In the adventurous spirit, I decide to join and begin to scale up this large tree overlooking the Mekong. I stretch my limbs across the branch and a sharp twig catches onto my pants and rips my bottom open. Immediately, the whole lot burst into laughter at my pitiful attempt to climb this labyrinth of branches. Despite the large gash on my pants, I take the leap and once again thrust myself into the Mekong current.
After repeated leaps and flips into the water, my team and I begin to pack our things and hit the road for the remainder of our trek. We hop back on our bikes as we say farewell to the young monks, who were the only residents we saw in this small village.
This experience was not planned, but it spoke to the preservation of culture and beliefs strongly held by Buddhist tradition. In Laos, Buddhist culture is held firmly by the majority of people. These boys represent the importance of cultural preservation in a world of Westernization. Although not quite monks yet, they are novices. When they reach age twenty, they are eligible to become monks for however long they wish. From my experience, these novices can still live a normal childhood, but have a strict regimen of waking up early in a dormitory, washing with cold water, and studying with strict discipline. Usually novices remain in small villages. When they grow older, many leave their villages to go to bigger religious sites and continue their studies.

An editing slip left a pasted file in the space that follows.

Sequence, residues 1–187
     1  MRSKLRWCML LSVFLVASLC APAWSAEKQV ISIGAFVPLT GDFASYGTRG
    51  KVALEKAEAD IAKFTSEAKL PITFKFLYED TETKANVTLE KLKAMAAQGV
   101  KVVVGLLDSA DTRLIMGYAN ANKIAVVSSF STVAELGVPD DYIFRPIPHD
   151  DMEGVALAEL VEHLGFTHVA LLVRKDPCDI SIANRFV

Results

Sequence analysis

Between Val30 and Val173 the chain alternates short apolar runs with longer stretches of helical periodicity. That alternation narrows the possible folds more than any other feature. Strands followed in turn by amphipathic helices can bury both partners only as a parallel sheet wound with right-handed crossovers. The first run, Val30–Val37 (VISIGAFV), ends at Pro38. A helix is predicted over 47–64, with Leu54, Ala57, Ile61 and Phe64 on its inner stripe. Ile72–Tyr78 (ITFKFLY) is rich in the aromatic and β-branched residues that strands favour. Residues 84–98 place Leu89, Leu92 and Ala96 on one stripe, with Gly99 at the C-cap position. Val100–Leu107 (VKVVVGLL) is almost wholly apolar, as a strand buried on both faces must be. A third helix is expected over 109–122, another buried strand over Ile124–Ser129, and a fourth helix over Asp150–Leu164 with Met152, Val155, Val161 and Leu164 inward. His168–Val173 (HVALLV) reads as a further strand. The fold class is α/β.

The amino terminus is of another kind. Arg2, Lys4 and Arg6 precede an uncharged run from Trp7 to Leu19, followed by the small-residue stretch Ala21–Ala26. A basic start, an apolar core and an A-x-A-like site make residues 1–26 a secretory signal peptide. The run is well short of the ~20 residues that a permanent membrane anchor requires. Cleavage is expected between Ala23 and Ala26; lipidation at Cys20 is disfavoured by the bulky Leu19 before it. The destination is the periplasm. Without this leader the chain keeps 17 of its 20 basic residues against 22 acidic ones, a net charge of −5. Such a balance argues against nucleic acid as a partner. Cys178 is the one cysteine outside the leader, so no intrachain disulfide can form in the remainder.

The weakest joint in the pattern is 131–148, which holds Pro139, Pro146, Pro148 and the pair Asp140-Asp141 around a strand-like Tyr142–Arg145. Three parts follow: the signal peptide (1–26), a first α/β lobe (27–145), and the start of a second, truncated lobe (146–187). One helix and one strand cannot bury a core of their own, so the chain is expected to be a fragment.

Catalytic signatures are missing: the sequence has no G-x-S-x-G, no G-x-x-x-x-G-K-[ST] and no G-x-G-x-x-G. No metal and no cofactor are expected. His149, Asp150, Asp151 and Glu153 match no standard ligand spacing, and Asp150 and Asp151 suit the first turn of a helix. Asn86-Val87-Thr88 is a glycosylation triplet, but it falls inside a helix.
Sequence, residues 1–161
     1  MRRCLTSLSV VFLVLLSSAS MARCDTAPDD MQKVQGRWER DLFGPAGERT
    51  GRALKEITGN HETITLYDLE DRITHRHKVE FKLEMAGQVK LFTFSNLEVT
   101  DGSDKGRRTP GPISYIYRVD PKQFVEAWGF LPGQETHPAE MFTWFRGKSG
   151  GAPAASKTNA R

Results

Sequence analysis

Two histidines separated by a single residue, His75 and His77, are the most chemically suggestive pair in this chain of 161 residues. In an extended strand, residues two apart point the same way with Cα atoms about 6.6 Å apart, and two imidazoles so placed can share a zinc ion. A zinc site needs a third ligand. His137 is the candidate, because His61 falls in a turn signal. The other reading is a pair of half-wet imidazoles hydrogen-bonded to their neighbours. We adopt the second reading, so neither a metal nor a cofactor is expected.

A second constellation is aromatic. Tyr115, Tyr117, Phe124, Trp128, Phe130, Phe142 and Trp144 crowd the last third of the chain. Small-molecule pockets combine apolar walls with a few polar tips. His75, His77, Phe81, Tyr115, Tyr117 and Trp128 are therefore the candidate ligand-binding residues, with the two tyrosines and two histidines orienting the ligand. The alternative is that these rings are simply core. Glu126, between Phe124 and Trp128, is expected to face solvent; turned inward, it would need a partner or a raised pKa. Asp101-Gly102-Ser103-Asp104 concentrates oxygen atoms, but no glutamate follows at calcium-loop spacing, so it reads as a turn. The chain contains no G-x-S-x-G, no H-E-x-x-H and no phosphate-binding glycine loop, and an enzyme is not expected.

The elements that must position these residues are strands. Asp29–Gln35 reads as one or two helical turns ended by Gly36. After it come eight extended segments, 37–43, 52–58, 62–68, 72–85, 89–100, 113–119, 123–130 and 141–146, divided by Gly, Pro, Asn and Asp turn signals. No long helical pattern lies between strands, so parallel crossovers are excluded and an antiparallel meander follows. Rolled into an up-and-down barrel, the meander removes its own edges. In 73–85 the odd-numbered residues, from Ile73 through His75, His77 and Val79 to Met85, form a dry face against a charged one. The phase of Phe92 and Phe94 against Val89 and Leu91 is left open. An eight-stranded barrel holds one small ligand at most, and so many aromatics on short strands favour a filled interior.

Many of these admitted novices move to urban wats, or temples where they become well-versed in traditional medicine. Many wats house gardens where medicinal plants are cultivated to treat patients. Among these teachings, Buddhists traditionally have no problem taking Western pharmaceuticals as long as the drug does not disobey the fifth precept-altering their emotional state or clarity of mind. Their teachings and acceptance of modern pharmaceuticals is a good example of the fine balance between preserving traditional practices yet leveraging Western medicine to improve the well-being of their people.